(TL;DR - Summary) Why study 2 first professional degrees in law? I know firsthand that a first degree in law from Canada, US, UK, or Oceania qualifies for postgraduate law programs (eg LLM) in these countries. So why did these 'legal eagles' NOT do an LLM, in place of the second LLB or JD? Doing a second LLB or JD, resembles repetition of material already learned.

(Optional Reading) I know that in North America, the LLB is superseded by the JD, but not in other Commonwealth countries (eg Oceania, UK). I exemplify with some notable legal practitioners:

SCOC Justices (whom I originally found from this article):

Ronald Martland,   B.A. in 1926, an LL.B in 1928 (University of Alberta),
BA in 1930, a BCL in 1931 (Hertford College, Oxford University)

Gérard La Forest   BCL in 1949 (University of New Brunswick), BA in 1951, MA in 1956
(St John's College, Oxford)

Ian Binnie,  LL.B in 1963, LL.M in 1988 (Cambridge University), LL.B in 1965 (U of Toronto)

Governor General of Canada David Johnston,
LL.B in 1965 (Cambridge University), LL.B in 1966 Queen's University.

I don't know what Justice Julien Chouinard studied at Oxford; so I don't list him.

Professor Trevor Farrow,  
BA/MA Jurisprudence in 1992 (Wadham College, Oxford), LLB in 1993 (Dalhousie Law School)

Retired SCOTUS Justice David Souter,  A.B. magna cum laude in 1961 (Harvard),
MA Jurisprudence in 1963 (Magdalen College, Oxford), LLB in 1965 (Harvard Law School)

3 Answers 3


Basically: what Flup said in his last paragraph (and so upvoted accordingly).

Every one of the practitioners you named has an undergraduate degree from the UK, and an undergraduate degree from Canada. This, presumably, is because you're not permitted to practise law in most jurisdictions unless you have some kind of qualification in the law of that particular jurisdiction. The laws of each country, and moreover, the way in which cases are decided and in which each country's legal system works, varies so tremendously that you need to study the particulars for each jurisdiction before you can practice there.

Regarding Canada: from this site:

You must complete a Bachelor of Laws (L.L.B.) program or Juris Doctor (J.D.) program in order to qualify for bar membership in any Canadian province or territory. This generally takes three years to complete.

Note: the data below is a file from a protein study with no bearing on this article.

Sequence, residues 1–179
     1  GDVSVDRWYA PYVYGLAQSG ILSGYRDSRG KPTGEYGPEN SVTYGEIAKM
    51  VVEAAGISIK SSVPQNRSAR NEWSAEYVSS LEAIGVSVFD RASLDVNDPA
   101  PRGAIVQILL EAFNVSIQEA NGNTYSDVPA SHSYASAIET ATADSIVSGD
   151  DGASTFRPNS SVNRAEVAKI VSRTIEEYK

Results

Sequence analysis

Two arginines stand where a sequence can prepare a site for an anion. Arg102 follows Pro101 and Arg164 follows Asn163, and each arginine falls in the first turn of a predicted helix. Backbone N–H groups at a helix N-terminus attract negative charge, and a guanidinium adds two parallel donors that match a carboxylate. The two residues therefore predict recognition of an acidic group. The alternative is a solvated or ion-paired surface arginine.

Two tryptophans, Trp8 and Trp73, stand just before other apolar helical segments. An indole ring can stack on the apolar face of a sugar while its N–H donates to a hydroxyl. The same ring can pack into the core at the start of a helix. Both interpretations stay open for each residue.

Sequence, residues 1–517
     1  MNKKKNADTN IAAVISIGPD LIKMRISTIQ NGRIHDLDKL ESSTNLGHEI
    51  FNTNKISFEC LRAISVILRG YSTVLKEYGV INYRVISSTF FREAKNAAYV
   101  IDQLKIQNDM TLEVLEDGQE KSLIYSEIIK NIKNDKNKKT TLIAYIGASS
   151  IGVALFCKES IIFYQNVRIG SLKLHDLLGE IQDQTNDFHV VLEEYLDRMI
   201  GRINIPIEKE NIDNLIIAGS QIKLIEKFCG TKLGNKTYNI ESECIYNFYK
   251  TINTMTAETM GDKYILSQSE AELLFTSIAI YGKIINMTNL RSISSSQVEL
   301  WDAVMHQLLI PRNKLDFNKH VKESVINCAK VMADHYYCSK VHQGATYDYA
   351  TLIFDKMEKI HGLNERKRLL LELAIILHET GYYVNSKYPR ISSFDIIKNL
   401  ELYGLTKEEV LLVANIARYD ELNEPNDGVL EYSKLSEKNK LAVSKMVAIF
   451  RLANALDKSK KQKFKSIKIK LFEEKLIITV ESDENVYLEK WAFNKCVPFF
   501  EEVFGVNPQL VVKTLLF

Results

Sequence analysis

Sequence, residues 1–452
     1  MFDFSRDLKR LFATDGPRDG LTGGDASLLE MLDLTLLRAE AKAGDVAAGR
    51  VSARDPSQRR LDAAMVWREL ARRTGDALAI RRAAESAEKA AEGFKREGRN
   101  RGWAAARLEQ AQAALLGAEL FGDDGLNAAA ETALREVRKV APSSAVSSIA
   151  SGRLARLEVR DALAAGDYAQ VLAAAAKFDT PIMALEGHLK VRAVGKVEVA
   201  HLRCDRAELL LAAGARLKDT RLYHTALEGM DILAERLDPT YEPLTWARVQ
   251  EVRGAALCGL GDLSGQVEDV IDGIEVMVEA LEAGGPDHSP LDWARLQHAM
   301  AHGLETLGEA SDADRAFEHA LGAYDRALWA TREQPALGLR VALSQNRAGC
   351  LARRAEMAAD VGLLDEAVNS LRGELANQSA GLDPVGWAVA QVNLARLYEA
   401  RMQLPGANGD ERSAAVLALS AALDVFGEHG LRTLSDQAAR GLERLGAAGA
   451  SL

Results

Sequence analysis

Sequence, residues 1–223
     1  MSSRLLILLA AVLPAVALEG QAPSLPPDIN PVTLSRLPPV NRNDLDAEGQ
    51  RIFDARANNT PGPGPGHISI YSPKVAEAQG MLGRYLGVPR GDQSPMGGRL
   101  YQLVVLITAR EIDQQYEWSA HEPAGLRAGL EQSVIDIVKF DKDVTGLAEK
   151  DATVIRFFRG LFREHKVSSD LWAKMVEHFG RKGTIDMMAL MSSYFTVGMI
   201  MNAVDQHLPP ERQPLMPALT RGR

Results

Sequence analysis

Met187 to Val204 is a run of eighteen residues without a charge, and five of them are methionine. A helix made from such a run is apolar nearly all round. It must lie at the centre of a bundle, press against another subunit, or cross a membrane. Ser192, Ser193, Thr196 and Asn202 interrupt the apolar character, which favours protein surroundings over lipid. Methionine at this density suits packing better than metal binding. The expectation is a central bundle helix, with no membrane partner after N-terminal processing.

In England and Wales, you can now take a law conversion course in place of an undergraduate law degree as a first stage towards being qualified. I suspect, however, looking at the dates of the judges you list, that the law conversion course wasn't an option at the time they got their qualifications, so their only option was a full undergraduate course.

So the answer is: they each have two undergraduate qualifications, one from each jurisdiction, so that they could qualify to practise law in both jurisdictions.


In England and Wales, there are three stages of legal training:

  • academic
  • vocational
  • professional (not covered here)

The academic stage is satisfied by a qualifying first degree in law (e.g. an LLB). At this point the student must decide whether to qualify as a solicitor or a barrister; the former must undertake the LPC, the latter must do the BPTC. This second round of qualifications can optionally lead to an LLM with some extra work. Only once these qualifications have been gained can the student proceed to the final stage of training.

There is another important point about your examples who studied at Oxford or Cambridge. These universities (as well as Trinity College Dublin) award an MA automatically (or on demand) a few years after graduation with no further academic requirement.

Edit— I've just realised that I slightly missed the point of your question. Looking at your list, the people that did two LLBs did them in different jurisdictions, so the material would be substantially different.


In the U.S., the main reasons that a U.S. person takes a graduate degree in law after earning a J.D. or L.L.B. is usually to develop an academic specialty (most commonly tax, but there are a few other specialty practice L.L.M.'s offered). Much less frequently, domestic students seek an S.J.D. (an academic degree that is the rough equivalent of a Ph.D.), usually with a career as a law professor in mind, although an S.J.D. is not a requirement for such a position.

Some people, usually foreign nationals, pursue either an L.L.M. (often in what amounts to comparative law), for reasons that aren't always entirely clear to me, or an S.J.D. for the same reasons that a domestic student would.

An L.L.M. in the U.S. won't necessarily make it easier to be admitted to practice in the U.S. than a foreign law degree without an L.L.M., but it does afford someone taking it a greater familiarity with U.S. law and often with international law. In my experience, most L.L.M. students I knew in law school (at the University of Michigan) were from Asia and most were judges engaging in some form of continuing education, but I don't know if that is typical.

  • Thanks, but my first question concerns 'two FIRST degrees' in law, not postgraduate law degrees?
    – user89
    Jan 25, 2017 at 20:31

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